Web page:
- What is happening in those situations? What is your initial interpretation?
- What role do you usually play in those situations and how might you be contributing to an outcome that may not be ideal?
- Who can give you an objective perspective on the situation?
Go DIVE more often!
Happy ending to one of my blind spots: I am the proud wearer of a super cool hearing aid with magic powers, and I can now hear the world crystal clear!
The last couple of First Friday Challenges I presented to my subscriber base focused on Bravery and Resilience. This month, I took a closer look at a common creativity and innovation killer: Perfectionism. In her book bird by bird, a delightful read about writing and life, author Anne Lamott calls it out as a major cause for writer’s block and plain old drab:
“Perfectionism is the voice of the oppressor, the enemy of the people. It will keep you cramped and insane your whole life, and it is the main obstacle between you and a shitty first draft. I think perfectionism is based on the obsessive belief that if you run carefully enough, hitting each stepping-stone just right, you won’t have to die. The truth is that you will die anyway and that a lot of people who aren’t even looking at their feet are going to do a whole lot better that you, and have a lot more fun while they are doing it.”
I see perfectionism getting in the way of many efforts and opportunities beyond creative writing. Perfectionism keeps you from experimenting. It will stop you from starting something when you are not certain that the outcome will be anything like the idea that you hold in your mind.
Perfectionism is a myth that asserts itself in several ways. These myths tell the story of “not ready yet” and “not good enough”. It focuses on flaws and lack. It is a bravery, resilience, creativity and joy killer.
So let go of it already!
Easier said than done you say? Well, let’s explore the myths that perfectionism perpetuates and begin rooting it out of our daily lives:
1. The Myth of Permanence
Perfectionism lures you into thinking that your efforts are watched and judged by everyone around you. In reality, the majority of our imperfections or imperfect actions will hardly be noticed, will be easily laid to rest, or they are things that can be edited, updated, or improved at a later date or with the next rendition. The important thing is to do something and get moving towards a goal.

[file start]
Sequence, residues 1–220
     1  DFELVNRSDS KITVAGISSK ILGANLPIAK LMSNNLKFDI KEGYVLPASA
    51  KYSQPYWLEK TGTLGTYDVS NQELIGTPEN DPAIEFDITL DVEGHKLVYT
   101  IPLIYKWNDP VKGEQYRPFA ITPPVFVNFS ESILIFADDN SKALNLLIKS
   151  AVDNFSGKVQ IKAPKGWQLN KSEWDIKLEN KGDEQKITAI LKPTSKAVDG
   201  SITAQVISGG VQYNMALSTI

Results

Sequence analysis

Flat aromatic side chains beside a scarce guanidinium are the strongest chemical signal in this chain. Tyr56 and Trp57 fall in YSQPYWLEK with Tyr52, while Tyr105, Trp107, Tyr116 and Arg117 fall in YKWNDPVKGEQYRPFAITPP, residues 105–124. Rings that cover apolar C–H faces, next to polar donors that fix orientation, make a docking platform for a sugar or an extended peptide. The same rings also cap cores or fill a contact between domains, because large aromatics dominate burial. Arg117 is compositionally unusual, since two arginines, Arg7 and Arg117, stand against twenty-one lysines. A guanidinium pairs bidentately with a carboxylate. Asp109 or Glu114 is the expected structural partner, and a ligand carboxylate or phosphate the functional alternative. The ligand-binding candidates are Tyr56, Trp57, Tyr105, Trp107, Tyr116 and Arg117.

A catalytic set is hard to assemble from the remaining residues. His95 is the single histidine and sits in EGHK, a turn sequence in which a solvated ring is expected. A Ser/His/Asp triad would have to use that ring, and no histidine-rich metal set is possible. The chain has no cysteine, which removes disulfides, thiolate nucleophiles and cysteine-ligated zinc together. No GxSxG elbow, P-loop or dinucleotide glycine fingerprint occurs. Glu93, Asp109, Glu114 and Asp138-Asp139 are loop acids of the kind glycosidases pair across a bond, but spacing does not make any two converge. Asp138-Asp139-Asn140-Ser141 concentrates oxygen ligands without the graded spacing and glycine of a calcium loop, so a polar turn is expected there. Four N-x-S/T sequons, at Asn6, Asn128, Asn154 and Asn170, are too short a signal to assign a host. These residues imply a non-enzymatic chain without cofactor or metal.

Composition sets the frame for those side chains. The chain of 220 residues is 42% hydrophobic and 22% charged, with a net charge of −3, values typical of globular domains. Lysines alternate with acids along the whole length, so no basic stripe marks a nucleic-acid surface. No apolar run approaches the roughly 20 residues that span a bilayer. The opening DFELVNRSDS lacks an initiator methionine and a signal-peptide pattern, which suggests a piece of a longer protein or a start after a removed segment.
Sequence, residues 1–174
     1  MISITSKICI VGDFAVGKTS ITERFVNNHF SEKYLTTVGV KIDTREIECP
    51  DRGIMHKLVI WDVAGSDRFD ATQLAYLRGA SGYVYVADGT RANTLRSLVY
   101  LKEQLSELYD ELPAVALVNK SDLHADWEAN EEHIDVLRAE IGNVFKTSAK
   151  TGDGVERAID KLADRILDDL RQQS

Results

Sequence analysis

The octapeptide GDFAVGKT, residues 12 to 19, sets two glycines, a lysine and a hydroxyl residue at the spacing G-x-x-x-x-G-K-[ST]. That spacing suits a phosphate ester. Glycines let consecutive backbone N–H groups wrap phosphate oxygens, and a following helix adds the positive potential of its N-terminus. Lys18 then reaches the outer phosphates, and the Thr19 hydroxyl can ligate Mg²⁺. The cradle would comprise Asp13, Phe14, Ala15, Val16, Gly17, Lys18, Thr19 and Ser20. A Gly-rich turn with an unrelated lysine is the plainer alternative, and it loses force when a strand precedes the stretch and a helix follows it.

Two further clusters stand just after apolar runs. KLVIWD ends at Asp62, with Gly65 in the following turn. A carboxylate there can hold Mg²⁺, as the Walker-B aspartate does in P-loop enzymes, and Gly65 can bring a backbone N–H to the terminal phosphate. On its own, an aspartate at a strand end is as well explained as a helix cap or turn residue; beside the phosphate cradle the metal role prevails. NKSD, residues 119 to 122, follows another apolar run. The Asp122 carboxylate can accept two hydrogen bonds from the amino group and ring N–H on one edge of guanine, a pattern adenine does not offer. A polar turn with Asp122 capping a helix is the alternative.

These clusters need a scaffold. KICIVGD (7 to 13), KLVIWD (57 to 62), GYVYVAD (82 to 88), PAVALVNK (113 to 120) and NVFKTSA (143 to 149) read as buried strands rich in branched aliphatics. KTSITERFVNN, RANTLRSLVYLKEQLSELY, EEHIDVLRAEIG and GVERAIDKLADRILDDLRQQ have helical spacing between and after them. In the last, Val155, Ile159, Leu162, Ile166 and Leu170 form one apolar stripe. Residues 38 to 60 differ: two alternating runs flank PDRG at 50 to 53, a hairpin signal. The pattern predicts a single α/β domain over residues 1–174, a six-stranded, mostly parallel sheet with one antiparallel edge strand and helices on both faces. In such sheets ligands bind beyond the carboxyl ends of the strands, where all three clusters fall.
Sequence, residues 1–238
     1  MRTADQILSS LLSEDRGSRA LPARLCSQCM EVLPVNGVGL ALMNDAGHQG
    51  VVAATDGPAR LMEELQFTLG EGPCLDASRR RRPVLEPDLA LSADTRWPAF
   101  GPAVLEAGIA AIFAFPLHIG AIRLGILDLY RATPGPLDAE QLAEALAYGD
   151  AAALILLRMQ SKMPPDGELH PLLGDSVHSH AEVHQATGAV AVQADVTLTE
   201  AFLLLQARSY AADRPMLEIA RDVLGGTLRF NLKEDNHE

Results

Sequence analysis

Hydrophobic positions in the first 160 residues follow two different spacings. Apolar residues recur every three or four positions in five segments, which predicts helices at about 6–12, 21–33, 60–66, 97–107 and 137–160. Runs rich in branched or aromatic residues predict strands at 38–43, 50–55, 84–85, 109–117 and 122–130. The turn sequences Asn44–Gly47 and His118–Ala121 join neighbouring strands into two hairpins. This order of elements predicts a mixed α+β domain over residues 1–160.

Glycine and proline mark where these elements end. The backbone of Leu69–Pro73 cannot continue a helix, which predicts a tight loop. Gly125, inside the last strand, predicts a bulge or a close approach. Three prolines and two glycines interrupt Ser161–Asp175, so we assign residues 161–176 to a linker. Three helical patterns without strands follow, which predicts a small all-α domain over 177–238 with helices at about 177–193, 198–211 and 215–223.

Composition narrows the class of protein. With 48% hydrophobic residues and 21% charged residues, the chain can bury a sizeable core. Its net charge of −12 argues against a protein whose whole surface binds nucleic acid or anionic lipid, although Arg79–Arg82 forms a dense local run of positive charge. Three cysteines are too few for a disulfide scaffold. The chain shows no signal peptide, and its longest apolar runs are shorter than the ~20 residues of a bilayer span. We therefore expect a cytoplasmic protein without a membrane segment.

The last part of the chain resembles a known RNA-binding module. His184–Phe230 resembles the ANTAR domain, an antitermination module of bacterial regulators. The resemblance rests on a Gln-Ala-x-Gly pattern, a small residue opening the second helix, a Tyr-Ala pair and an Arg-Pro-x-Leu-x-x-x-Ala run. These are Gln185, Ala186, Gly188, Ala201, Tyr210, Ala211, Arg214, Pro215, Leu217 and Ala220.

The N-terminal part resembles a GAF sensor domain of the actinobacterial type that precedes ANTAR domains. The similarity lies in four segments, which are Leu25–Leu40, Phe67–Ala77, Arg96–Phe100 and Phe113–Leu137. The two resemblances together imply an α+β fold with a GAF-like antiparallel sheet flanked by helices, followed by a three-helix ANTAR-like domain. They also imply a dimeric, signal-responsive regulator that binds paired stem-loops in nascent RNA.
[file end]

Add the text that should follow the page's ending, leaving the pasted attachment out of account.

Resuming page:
Remembering that nothing is permanent and that taking a first step, even if wobbly, is better than waiting for perfect. Taking a shaky first try will set your creative juices flowing, allow you to tap into greater creativity, and ultimately enjoy better results!
2. The Myth of Success or Failure
Perfectionism blinds you to the spectrum between success and failure. Like other all-or-nothing ways of thinking, it highlights the extreme options with nothing in-between! Even worse, the tendency is to believe that the odds are slanted significantly in the failure direction. Of course you procrastinate – who wants to fast track towards failure?
The truth is that there is always room for improvement no matter how amazing your first effort is. Because we are constantly learning and growing, when we look at past efforts the desire to update can be strong! Some things aren’t even worth your time to fret about. Other things can be considered valuable learning experiences that can be mined for valuable insights. Take the time and energy to figure out which is which – let go what needs to be let go and learn from what can be improved.
3. The Myth of Getting Respect or Approval
If you’re struggling with perfectionism, it can also be a signal that you value the opinions of others more than what is healthy for you. It can seem logical that you need to present a polished and perfect appearance for others to accept your leadership. However, it has generally been my experience that people are attracted to authenticity and vulnerability not perfection. As a leader, a mask of perfectionism can have the effect of making you unapproachable to your team. Of course, you want to remain professional but putting up a fake front of perfection will not promote your reputation in your team nor does it create a safe space for them to take risks and be creative.
4. The Myth of Everyone Else Has It All Figured Out